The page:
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Friday, May 20, 2022

Columns

Lack of blood donors sparks urgency


| Courtesy of Wikimedia Commons

| Courtesy of Wikimedia Commons

No one’s saying that it’s cheap — the cost of your blood — not in the allegorical, story-telling sense, but the nutrient-flowing, metabolic waste eliminating liquid goop — is probably priceless.

If you disagree, try pressing your mother, brother or significant other for some of theirs. You’ll likely find that you aren’t the majority. Even the wildest quadrupeds, living in Siberian ice mounds, underwater caverns or suburban trash bins, share our cultural bias for the costliness of life’s elixir. In fact, the notion is less cultural than essential; it’s just one of the burdens of living.

With this in mind, the idea of a blood shortage isn’t exactly implausible. After June’s storms in the Eastern and Midwestern parts of the country, The American Red Cross erected something of a white flag. Donations were stalling, and the organization needed help. It’s run through the social networking gamut, local news dives and university circuits, which explains why the same four nurses appear in front of, behind and inside of your department’s building simultaneously. They’re trying, and they’re making waves; but the results just aren’t tipping the bar.

The nonchalance about sharing is causing a dangerous problem. Because the Red Cross supplies about 44 percent of the nation’s blood distribution, there’s reasonable cause for wariness at any sign of a letup. A month’s lows might not sound imperative, but it’s not the sort of rationale that would click with someone awaiting triple bypass surgery or the amputation of a multi-appendage limb. And while it’s fortunate that The Daily Cougar’s average reader is not following along on an operating table, a preconceived distance from circumstances eliciting a transfusion, be it major or minor, is subject to the sort of lack of empathy resulting in a shortage.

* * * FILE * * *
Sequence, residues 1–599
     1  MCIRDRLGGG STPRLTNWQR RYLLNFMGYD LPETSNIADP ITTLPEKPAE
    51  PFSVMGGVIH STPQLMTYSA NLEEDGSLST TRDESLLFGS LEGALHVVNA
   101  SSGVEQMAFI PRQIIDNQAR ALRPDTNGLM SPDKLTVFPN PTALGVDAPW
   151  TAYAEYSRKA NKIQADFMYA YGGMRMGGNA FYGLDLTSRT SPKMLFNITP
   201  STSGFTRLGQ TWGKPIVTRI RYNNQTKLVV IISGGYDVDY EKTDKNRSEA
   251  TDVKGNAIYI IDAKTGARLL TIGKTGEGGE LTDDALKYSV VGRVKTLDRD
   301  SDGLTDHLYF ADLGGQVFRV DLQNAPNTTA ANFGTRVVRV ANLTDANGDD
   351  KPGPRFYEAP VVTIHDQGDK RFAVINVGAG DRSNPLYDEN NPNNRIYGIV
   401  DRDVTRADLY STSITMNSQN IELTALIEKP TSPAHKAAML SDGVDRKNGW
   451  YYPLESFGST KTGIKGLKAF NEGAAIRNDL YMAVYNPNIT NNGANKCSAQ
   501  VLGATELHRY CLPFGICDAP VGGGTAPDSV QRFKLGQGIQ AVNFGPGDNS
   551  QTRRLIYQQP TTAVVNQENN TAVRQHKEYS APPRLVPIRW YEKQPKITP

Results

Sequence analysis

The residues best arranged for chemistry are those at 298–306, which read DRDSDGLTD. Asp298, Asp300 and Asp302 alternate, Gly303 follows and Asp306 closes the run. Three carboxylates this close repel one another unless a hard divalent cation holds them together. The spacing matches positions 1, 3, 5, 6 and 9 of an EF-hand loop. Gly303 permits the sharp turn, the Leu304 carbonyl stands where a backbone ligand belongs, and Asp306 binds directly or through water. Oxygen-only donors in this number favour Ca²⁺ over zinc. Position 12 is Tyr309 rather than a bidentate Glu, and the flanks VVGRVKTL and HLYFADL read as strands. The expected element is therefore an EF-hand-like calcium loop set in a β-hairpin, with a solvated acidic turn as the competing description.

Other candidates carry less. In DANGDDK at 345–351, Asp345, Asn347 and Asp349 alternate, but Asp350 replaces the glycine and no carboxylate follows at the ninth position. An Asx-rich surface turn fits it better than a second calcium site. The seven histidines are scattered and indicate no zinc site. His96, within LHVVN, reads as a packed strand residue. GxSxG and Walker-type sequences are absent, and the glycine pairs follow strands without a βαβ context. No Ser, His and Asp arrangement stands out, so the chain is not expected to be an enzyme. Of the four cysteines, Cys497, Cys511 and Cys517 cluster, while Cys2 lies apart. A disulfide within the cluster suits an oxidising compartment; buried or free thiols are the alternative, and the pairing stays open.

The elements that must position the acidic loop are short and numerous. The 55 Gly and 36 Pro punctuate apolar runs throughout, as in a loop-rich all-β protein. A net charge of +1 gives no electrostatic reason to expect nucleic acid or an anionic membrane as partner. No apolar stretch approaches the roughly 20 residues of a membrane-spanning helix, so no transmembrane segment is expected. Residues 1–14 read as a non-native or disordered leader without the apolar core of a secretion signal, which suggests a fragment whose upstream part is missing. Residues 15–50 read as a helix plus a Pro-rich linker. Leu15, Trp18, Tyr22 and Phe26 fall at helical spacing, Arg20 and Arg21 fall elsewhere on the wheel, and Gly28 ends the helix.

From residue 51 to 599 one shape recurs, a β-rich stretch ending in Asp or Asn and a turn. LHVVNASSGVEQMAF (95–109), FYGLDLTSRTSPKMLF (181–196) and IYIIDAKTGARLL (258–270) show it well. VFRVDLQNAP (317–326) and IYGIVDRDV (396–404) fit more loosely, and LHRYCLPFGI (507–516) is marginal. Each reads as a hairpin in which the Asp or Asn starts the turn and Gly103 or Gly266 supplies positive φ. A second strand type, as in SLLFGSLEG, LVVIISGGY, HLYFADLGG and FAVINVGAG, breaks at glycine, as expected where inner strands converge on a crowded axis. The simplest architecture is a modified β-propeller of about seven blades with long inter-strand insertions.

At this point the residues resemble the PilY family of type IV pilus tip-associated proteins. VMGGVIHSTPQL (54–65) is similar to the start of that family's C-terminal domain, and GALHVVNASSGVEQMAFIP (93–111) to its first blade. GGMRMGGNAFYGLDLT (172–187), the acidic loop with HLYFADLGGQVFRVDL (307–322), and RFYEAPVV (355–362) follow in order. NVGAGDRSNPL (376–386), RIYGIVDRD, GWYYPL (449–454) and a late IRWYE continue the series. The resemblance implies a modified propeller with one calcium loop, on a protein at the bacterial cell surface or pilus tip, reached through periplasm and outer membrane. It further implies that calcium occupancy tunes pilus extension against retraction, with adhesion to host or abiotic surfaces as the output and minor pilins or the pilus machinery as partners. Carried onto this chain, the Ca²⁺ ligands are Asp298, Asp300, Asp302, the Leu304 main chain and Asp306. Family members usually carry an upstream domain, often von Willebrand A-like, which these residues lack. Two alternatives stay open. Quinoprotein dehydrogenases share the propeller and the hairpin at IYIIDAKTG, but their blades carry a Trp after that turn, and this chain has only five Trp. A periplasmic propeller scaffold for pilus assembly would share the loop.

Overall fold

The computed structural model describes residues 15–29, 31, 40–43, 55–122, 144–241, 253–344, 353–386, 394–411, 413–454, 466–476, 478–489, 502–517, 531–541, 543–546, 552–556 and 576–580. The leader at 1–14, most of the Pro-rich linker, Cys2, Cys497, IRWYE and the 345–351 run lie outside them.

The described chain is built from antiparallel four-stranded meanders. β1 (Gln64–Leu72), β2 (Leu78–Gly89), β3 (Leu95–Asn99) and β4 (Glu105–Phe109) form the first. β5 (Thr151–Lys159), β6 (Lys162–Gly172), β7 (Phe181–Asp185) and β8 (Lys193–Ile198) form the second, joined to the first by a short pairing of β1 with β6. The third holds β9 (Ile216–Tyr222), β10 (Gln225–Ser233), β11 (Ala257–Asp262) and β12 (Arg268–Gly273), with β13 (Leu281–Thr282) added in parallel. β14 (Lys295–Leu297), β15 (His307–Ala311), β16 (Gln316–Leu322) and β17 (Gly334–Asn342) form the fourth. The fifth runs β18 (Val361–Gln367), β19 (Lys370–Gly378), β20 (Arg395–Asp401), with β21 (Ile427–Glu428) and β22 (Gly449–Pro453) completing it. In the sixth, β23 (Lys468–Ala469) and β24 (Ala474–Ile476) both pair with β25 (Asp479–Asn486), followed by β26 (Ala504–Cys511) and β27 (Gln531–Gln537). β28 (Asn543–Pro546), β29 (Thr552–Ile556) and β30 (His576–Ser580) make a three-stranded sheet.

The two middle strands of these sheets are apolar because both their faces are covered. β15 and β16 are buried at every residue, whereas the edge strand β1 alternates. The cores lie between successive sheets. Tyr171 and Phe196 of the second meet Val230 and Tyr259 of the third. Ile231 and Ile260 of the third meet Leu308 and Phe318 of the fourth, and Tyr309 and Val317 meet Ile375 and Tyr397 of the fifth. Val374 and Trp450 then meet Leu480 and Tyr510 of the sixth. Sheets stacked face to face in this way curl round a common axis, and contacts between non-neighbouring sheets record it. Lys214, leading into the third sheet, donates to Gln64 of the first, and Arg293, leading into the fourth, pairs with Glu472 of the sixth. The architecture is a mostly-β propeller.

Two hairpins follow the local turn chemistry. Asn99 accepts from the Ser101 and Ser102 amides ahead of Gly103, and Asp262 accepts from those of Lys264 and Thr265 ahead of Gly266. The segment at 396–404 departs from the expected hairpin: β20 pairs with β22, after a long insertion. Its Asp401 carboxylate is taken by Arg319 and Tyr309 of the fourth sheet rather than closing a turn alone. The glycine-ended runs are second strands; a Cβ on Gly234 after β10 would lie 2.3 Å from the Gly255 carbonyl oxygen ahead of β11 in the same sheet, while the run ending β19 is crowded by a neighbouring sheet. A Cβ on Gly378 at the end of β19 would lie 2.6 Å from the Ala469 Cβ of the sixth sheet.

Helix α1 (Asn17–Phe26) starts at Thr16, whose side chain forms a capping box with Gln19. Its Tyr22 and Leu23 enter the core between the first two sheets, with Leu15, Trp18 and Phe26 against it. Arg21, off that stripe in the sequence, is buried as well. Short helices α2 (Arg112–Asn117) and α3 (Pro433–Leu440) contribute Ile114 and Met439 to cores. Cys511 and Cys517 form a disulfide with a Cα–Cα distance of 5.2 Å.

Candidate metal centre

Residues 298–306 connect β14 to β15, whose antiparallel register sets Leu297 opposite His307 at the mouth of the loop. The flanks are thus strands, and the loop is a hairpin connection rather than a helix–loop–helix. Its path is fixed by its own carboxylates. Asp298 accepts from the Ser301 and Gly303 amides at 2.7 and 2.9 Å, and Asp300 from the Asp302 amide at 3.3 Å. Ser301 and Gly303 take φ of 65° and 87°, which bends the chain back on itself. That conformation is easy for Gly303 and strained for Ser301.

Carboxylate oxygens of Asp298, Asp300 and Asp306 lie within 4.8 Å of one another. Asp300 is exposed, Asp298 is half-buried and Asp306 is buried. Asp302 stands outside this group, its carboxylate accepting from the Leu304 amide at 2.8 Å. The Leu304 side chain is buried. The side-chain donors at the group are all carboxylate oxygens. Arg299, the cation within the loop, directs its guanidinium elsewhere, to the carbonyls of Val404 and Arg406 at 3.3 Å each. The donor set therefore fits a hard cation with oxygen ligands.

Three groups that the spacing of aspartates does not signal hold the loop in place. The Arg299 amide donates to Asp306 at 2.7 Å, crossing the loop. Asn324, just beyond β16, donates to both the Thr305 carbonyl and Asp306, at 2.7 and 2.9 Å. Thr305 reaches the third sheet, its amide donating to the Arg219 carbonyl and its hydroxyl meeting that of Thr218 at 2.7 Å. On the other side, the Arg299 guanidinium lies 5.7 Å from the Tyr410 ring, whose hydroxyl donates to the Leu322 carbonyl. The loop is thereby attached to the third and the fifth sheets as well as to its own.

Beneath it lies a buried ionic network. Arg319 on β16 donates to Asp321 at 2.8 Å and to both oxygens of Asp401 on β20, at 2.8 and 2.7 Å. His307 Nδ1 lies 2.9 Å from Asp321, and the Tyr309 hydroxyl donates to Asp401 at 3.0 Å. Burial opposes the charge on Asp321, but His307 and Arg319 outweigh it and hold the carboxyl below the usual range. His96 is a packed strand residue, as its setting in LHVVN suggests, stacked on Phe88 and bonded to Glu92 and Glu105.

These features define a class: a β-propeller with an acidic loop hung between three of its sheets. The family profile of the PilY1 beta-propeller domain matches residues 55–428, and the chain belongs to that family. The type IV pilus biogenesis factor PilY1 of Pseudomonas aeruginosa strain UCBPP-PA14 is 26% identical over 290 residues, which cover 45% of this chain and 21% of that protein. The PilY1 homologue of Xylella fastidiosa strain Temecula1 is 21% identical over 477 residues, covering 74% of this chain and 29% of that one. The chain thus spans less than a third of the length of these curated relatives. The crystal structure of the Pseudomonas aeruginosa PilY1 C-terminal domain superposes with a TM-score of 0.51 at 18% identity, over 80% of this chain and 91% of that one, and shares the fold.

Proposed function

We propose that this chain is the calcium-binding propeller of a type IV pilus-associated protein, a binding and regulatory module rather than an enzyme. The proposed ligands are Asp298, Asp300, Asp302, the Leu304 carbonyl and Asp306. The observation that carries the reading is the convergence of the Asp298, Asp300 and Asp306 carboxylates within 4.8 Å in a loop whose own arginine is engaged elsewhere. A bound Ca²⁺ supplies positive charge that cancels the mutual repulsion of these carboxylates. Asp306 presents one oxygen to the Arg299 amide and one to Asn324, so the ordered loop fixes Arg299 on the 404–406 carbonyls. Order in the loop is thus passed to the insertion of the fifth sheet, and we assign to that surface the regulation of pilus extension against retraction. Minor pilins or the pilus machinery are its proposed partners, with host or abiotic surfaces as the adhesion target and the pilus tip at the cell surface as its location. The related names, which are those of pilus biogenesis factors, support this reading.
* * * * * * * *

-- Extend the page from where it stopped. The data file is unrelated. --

To put it in perspective, imagine driving to work with only 54 percent of a functioning car engine. Or typing an essay with 7/12 of a keyboard, or enjoying lo mein with 8/20 of a chopstick. Nothing’s impossible, but they have to be at least a little unpleasant. And if the delicacies are crippled from scarcity, imagine the impact it could have on a living organism. Donating blood is important, and we need to pay more attention during times of urgency.

Fluctuations in the Red Cross’ stocks aren’t completely unheard of, the country’s blood stocks tend to mirror its stature as a whole, both politically and physically. Natural disasters don’t seem fruitful, nor do socioeconomic grievances. But in their basest sense, each and every factor is driven by human determinants. In the end, we’re the ones that choose to supply, and we’re the ones that choose not to. And if there’s any chance of reducing the shortage, we’ll have to become a little more adept at adopting shoes that aren’t our own.

Bryan Washington is a sociology sophomore and may be reached at [email protected]


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